Right now, we are living in the age of innovation. We have lived through the inception of the internet and computers, and continue to bear witness to technological advances made every single day. Everything has grown, adapted, and changed due to this, including business including products, which continue to develop at an unimaginable pace. This rapid evolutionary rate cause consumers’ demands to grow, and soon the advance in technology will not be able to keep up. As a result, business’ ideology must adapt and evolve as well, from a product-centric focus to a customer-centric one. Never before has customer centricity been as important as it is now. It is a completely different approach to business, however, for some cases it will be more worthwhile to change stances.
First of all, it is important to understand that the customer-centric approach is a long-term commitment. It obviously takes time to build strong customer relations, and as a result, it will take some time to make the connections work to your advantage. The basis of customer centricity is evaluating customer lifetime value, which is essentially, determining how much value a customer will bring to your firm in the long run, by analysing data. However, each customer is different and accepting consumer heterogeneity is a very large part of a customer-centric approach. By accepting the differences in the different groups of customers that you cater to, you can more easily adjust your focus and put more effort into targeting the most beneficial group. Of course, cutting off the rest of the customers is not the point of this, but those with the highest CLV will be more loyal and, therefore, more advantageous to your firm in the long term.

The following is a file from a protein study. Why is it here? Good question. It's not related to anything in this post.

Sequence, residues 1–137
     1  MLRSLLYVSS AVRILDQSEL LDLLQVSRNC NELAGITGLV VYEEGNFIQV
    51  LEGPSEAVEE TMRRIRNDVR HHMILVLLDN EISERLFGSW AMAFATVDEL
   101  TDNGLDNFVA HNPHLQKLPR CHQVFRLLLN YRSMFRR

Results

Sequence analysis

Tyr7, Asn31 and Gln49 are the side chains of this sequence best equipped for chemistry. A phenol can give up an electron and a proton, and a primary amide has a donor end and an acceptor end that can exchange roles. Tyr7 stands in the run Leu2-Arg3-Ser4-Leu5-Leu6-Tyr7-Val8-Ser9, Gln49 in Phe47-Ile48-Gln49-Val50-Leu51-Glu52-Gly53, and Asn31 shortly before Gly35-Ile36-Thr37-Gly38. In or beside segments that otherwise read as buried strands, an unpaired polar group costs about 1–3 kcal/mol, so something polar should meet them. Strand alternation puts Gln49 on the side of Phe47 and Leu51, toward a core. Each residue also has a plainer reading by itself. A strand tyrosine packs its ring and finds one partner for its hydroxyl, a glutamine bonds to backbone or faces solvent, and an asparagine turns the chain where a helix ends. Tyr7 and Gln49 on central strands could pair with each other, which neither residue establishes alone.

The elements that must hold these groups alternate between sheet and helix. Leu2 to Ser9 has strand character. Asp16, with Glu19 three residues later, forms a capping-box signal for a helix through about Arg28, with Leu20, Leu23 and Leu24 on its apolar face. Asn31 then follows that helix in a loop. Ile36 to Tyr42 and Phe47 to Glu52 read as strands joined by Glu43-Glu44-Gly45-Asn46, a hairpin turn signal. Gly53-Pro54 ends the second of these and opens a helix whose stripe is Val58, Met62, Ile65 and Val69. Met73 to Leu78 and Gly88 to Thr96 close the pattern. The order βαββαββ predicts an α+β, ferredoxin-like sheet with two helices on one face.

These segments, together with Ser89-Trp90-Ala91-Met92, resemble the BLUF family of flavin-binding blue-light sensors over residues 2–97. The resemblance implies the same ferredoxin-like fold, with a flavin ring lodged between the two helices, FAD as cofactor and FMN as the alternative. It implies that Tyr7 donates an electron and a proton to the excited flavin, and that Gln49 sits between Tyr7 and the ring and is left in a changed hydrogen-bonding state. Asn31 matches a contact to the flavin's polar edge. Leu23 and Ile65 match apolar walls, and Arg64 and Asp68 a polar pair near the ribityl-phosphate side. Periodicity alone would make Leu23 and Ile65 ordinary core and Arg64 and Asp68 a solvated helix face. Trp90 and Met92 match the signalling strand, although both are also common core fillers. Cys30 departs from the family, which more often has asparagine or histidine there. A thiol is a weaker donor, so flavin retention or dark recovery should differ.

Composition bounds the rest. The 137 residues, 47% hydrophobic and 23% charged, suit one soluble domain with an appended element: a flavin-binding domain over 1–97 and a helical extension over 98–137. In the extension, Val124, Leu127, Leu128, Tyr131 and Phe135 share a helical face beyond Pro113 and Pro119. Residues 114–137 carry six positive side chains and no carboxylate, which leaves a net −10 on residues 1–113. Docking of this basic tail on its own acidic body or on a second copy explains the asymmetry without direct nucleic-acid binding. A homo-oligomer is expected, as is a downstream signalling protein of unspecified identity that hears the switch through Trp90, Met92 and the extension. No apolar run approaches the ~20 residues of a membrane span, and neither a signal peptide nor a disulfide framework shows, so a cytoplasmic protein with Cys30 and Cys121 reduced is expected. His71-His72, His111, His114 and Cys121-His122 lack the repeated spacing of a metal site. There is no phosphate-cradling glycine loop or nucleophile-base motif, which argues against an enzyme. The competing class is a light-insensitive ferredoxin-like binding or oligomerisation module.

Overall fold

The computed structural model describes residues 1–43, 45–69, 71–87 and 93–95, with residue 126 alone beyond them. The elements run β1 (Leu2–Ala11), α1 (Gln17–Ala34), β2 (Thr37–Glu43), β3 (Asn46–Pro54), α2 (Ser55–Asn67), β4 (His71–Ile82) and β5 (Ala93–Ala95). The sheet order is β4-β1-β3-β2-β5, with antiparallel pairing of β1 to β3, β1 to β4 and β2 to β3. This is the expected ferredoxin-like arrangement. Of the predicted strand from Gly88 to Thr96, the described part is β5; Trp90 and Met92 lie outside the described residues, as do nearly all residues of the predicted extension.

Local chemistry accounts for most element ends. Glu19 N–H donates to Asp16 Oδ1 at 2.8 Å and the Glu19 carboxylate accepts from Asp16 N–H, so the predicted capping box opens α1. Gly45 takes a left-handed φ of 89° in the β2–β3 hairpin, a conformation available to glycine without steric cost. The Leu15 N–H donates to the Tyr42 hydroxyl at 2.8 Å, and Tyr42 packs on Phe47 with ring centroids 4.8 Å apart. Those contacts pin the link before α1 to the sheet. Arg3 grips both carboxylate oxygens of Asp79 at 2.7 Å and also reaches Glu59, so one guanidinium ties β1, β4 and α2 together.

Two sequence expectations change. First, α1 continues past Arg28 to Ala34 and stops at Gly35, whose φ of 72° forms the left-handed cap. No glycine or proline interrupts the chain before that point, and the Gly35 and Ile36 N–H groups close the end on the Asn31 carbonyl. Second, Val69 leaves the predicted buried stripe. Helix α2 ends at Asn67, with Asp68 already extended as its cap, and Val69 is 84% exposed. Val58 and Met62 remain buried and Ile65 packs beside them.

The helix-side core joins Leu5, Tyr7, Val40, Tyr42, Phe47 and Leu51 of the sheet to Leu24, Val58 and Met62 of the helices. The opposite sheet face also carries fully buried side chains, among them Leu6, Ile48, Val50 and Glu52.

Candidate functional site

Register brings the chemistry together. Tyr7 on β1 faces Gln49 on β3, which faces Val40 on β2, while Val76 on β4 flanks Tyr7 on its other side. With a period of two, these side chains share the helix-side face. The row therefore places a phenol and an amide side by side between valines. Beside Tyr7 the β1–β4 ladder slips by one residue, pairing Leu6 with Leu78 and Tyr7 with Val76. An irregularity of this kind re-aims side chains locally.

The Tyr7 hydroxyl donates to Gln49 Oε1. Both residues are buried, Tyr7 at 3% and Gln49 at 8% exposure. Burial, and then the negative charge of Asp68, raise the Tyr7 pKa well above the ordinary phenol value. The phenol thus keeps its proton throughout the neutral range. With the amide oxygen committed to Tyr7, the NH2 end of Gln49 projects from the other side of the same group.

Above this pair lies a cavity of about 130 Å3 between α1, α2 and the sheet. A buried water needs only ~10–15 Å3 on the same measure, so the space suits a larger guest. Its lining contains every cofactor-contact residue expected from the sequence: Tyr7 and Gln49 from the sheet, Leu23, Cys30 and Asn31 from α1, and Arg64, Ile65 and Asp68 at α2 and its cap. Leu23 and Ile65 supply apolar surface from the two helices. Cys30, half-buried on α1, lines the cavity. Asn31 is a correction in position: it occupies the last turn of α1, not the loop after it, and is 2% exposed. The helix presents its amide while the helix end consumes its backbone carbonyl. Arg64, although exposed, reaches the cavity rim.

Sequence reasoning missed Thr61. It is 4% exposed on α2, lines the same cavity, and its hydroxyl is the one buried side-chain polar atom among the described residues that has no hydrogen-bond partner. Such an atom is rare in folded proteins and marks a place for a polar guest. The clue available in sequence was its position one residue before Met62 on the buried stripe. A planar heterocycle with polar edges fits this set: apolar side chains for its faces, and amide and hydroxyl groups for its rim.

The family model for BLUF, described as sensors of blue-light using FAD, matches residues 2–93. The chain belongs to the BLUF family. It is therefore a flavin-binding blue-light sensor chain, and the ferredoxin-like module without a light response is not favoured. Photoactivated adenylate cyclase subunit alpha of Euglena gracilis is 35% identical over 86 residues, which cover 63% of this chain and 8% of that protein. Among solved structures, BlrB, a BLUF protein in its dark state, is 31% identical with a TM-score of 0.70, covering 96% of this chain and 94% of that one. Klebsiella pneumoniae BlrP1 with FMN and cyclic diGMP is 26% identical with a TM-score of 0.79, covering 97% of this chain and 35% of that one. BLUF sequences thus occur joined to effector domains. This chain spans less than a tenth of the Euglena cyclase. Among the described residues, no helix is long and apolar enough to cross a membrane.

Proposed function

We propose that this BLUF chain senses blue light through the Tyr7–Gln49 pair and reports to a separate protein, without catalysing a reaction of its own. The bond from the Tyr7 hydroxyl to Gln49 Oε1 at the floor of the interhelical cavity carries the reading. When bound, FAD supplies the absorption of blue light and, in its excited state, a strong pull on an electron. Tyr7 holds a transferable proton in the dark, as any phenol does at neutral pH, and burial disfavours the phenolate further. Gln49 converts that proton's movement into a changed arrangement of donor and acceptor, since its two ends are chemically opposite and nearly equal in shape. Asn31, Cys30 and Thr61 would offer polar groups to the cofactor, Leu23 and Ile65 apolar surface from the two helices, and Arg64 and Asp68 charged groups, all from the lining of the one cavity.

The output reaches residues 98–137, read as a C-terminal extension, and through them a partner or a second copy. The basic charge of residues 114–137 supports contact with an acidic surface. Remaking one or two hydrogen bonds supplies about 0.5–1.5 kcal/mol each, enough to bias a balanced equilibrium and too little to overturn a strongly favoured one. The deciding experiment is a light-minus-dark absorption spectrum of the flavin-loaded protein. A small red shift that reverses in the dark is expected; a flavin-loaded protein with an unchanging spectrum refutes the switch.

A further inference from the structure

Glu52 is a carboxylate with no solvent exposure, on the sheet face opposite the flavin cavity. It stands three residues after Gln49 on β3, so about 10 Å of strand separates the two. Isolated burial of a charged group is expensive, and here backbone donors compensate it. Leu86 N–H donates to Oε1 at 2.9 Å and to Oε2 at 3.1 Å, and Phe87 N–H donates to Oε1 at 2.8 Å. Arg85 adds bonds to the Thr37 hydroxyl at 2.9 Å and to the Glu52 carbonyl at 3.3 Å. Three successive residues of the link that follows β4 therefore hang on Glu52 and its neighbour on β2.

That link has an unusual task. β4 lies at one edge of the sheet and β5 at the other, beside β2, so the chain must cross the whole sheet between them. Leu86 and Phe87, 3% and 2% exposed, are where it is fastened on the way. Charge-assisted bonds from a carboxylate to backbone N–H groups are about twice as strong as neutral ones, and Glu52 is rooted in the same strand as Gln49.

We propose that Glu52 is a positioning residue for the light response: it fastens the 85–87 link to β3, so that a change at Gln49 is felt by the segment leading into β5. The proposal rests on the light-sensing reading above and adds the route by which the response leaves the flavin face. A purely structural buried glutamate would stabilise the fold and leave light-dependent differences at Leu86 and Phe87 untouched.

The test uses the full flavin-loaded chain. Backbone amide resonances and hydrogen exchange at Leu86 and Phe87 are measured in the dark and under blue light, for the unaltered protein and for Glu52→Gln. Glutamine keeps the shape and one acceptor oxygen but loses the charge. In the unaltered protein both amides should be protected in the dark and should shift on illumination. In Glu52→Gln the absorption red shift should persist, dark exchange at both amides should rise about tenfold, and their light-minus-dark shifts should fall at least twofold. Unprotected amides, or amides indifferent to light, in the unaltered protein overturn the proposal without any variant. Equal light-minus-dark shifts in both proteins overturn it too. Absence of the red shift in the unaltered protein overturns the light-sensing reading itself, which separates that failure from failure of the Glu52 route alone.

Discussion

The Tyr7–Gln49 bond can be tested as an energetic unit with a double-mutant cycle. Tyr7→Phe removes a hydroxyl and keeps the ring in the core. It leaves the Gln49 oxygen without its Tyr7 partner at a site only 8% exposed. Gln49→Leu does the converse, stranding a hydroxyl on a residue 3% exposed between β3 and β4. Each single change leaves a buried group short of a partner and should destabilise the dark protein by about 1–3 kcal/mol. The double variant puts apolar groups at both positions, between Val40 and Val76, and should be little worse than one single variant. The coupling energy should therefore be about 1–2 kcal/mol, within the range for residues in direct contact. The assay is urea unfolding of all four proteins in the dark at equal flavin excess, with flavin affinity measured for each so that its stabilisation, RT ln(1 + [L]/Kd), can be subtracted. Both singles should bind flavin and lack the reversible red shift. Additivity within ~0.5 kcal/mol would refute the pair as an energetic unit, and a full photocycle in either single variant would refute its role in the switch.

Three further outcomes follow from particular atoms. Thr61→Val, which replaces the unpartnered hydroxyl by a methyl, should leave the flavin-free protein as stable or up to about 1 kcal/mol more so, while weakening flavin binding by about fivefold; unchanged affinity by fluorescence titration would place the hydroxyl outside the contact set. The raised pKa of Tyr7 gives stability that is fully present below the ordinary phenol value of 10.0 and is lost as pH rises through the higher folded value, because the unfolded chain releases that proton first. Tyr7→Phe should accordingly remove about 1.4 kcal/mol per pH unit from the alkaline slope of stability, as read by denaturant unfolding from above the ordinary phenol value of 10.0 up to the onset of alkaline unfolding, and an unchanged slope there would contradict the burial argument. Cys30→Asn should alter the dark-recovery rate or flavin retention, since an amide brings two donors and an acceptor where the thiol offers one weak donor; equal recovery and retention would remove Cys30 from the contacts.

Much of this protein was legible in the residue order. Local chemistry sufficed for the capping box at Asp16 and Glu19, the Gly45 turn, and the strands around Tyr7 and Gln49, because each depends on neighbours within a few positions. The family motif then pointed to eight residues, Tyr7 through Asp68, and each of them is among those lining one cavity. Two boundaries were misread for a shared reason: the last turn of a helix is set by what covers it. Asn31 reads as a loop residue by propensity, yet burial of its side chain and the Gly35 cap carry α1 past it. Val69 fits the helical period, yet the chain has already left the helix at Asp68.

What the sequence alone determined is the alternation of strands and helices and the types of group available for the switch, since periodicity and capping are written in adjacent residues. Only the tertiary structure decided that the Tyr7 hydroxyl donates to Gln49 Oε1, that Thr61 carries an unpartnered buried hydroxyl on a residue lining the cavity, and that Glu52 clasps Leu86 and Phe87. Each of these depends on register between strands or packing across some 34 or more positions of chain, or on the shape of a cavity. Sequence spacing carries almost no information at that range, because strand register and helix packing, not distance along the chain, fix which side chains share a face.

According to Professor Fader from the Wharton School of Business, customer centricity “is a strategy that aligns a company’s development or delivery of its products or services, around the current and future needs of a select set of customers in order to maximize their long term financial value to the firm.” In addition to what was said previously, Prof. Fader is saying the in order to be truly customer centric, you firm must solely base its decisions on the needs of the customers. Having excellent customer support at your store does not make you a customer-centric firm. Instead, a global understanding that you will function and orient yourself around the customers’ habits and behaviors is what does. An example of this is the data-driven model adopted by large companies such as Harrah’s and Tesco. They came out as leaders in their markets because they really analyzed the data behind the patterns that customers were creating. They developed a loyalty program to show that they knew what the customers wanted, and were able to, more readily, cater towards their needs. The loyalty program completed their data-driven business model and helped them become truly successful companies in their fields.
The customer-centric approach allows your business to thrive in the long run. It is very different from the product-centric focus, and it will not work for all companies, but it is something that is gaining popularity quickly. Businesses can no longer out-perform and impress consumers as their demands grow, so they are forced to adapt. Loyalty programs have been proven to be very successful in offering firms with a customer-centric position in the market.